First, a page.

Christian group hits out at minister's 'callous' suggestion to find 'better-paid job'

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It is fairer taxes, not better jobs that will help vulnerable people weather the UK's cost of living crisis, Christian group CARE has said.

It has hit out at suggestions by government minister Rachel Maclean that people should work more hours or find "a better-paid job" to protect themselves against inflation and the impact of soaring food and energy costs.

CARE called the comments "callous" and said that the government should instead be making changes to the "unfair" tax system to bring relief to the hard hit.

It is calling for reforms of both income tax and national insurance to relieve some of the burden on vulnerable households.

CARE spokesman Tim Cairns said: "The out-of-touch comments by Ms Maclean point to a concerning lack of understanding of both the level of hardship people are facing, and the factors behind poverty.

"The government needs to consider a suite of measures to help Brits in the challenging fiscal environment we now inhabit. Measures that are built on fairness and compassion towards citizens, not callous to their circumstances.

"We have been calling for reform of the tax system to help families, who will be hardest hit. We again urge the government to do so. Alongside other measures, a fairer tax system can help the vulnerable weather the storm."

A joint study by CARE and fiscal policy experts, Tax and the Family, is calling for an overhaul of the income tax system to make it fairer on families and lower income households.

"The UK tax system does not treat families fairly," the report said.

"The amount of tax that they pay bears little relationship to how well off they are.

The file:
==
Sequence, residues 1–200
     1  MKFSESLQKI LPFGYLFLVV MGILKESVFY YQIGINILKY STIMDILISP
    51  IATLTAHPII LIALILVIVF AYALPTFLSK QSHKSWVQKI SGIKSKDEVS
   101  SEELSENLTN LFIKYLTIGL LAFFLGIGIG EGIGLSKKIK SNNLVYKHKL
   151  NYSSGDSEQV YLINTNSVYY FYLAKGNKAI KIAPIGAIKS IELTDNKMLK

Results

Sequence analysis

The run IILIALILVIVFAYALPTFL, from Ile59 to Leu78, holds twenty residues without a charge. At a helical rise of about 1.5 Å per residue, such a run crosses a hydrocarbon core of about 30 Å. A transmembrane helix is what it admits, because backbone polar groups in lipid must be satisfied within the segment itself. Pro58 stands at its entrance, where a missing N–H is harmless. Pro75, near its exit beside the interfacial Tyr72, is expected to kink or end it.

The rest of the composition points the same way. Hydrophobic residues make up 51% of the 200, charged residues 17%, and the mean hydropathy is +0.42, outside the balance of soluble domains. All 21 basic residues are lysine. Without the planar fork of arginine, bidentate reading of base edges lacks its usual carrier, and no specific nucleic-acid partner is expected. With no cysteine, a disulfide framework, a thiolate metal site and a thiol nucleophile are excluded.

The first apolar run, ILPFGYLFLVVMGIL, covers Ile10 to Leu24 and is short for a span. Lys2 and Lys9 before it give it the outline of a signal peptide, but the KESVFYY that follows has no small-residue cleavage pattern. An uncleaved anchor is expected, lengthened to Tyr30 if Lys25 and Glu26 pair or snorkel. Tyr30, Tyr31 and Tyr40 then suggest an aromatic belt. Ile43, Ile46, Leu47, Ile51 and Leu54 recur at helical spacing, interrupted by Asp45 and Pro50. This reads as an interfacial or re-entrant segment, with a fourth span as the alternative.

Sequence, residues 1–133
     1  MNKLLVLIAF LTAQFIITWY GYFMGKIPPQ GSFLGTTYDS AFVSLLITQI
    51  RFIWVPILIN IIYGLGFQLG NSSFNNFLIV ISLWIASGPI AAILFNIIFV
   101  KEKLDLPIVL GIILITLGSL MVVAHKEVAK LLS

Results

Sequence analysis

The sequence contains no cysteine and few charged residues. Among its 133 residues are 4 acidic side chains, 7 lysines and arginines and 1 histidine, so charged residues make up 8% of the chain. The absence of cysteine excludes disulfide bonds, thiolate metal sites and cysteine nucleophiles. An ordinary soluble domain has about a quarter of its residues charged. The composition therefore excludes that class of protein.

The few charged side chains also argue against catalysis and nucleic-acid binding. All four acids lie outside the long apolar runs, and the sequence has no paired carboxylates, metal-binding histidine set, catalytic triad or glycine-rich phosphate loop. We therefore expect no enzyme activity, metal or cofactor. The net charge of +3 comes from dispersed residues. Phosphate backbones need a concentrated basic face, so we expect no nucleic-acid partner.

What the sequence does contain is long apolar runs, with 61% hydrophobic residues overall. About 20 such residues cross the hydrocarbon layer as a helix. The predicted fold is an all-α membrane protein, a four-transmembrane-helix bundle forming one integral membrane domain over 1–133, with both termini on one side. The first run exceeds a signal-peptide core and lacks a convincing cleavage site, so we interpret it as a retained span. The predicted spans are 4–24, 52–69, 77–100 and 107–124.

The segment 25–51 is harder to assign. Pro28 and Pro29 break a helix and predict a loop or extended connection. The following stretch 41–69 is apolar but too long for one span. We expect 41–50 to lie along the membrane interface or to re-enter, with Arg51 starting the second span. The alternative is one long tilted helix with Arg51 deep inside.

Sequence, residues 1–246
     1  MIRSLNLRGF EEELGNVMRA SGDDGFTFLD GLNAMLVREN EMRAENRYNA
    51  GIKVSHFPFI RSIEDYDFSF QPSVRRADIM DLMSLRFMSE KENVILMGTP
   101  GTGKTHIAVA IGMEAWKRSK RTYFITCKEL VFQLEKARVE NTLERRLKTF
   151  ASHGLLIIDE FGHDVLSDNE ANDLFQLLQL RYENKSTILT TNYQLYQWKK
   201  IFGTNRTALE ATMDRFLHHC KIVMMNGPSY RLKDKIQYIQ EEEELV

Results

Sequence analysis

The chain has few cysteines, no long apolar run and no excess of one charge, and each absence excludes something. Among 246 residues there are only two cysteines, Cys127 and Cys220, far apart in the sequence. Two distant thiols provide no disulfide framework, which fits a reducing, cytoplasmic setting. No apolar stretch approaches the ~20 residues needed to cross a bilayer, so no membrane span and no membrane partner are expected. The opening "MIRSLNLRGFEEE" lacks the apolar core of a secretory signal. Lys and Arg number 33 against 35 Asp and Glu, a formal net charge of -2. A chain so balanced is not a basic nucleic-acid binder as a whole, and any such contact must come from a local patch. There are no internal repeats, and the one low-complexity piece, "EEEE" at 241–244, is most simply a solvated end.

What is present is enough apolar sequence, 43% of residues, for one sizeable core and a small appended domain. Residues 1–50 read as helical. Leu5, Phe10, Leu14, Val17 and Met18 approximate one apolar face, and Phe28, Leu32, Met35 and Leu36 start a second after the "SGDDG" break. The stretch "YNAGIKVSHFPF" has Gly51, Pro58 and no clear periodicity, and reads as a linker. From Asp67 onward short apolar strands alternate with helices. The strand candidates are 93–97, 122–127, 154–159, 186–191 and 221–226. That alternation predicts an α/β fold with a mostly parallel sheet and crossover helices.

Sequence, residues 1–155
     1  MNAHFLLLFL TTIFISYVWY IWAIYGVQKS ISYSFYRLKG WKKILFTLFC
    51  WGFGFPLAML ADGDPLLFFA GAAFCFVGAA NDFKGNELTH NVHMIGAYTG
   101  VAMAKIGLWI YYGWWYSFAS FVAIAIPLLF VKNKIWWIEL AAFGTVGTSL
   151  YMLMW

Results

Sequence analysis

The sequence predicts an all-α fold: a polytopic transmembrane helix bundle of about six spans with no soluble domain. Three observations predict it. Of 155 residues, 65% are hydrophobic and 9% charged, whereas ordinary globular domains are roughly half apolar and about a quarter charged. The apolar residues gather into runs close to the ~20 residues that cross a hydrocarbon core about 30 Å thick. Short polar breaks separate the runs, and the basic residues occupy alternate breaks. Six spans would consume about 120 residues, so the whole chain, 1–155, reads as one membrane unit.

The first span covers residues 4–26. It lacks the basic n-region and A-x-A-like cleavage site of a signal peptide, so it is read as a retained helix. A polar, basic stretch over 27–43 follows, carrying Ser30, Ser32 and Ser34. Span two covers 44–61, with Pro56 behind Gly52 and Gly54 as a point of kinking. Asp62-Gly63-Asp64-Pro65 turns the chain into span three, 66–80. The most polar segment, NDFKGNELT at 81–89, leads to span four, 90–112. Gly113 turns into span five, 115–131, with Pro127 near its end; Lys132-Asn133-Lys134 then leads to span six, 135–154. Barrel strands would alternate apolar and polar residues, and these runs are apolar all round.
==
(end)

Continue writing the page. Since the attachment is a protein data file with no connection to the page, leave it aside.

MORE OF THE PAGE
"Many families in poverty pay income tax. Some in the bottom half of the income distribution even pay higher rate tax and are liable for the HICBC (High Income Child Benefit Charge).

"This problem, which has been ignored by successive Chancellors, is a serious one, and needs to be tackled."

The study calls for structural reform of the income tax system.

"What is needed is a culture change so that the household is recognised as the basic unit of taxation, just as it is for other purposes," it said.

"This will enable the unfairness and disadvantages for families with children considered earlier in this report to be tackled and the UK system brought more closely into line with those in most other developed countries."

Commenting on the report, CARE CEO Ross Hendry said it was "deeply concerning" that families in poverty are paying income tax, and that families in the bottom half of income distribution are paying tax at the higher rate.

"Our country is in the midst of a cost-of-living crisis. Across the UK, bills are rising. Many families are facing the heart-breaking dilemma of choosing between eating or heating," he said.

"We must consider a range of legislative options to give UK citizens, and particularly the most vulnerable families, real help in the years ahead."

He added, "We recognise that the culture change called for will be a big undertaking but as a society, we should always strive for what is fair and compassionate, even if it's difficult to achieve."